When she was 17, Stephanie Dutkiewicz set sail from her native South Africa to the Caribbean islands. Throughout that three-month journey, she noticed that the color of the ocean shifted from place to place, but it wasn’t until she took up oceanography in college that she came to understand why. Early on in her studies, she learned that ocean color varies from green to blue, depending on the type and concentration of phytoplankton (algae) in the area. As they use chlorophyll, a green pigment, to generate organic carbon through photosynthesis, these “plants of the sea” reflect light; the more phytoplankton in the ocean, the less blue and more green the color of the water.
Now a principal research scientist in MIT’s Joint Program and Department of Earth, Atmospheric and Planetary Sciences (EAPS), Dutkiewicz remains focused on these drivers of ocean color. For more than a decade, she and her main research partner, EAPS Associate Professor Mick Follows, have been leading a team of a dozen MIT researchers and several collaborators from universities around the world to advance the Darwin Project, which aims to model the growth, loss and movement of phytoplankton around the world, the environments that they inhabit and how they affect one another.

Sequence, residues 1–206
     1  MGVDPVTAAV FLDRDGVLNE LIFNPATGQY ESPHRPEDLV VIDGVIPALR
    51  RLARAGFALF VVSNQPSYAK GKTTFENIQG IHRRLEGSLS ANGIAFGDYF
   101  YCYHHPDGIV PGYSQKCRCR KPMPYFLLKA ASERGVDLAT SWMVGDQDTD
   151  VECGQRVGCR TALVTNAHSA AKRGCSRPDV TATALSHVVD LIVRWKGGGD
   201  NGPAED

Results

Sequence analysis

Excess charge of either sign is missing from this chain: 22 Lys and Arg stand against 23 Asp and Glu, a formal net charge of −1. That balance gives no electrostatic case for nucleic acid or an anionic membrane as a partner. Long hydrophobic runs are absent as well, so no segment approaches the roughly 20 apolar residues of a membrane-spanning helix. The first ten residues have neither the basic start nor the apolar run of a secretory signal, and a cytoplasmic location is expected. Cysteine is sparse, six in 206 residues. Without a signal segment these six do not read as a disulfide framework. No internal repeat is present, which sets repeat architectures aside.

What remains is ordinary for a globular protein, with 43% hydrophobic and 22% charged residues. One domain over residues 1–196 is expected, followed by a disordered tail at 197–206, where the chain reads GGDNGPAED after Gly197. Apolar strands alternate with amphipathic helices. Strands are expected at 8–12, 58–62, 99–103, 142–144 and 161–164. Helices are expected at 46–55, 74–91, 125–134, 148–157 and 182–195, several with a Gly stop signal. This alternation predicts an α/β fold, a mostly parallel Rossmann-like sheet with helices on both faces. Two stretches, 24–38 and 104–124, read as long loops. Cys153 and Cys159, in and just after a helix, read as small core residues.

Dutkiewicz is systematically probing phytoplankton behavior to home in on what traits distinguish one of thousands of phytoplankton species from another, which types will survive and thrive under different environmental conditions, and where different types are likely to live. Guided by laboratory, ship and satellite observations, she has represented as many as 100 different types of phytoplankton—other groups typically model no more than five—in complex computer models that simulate phytoplankton population dynamics in the ocean and project how those dynamics will change in coming decades.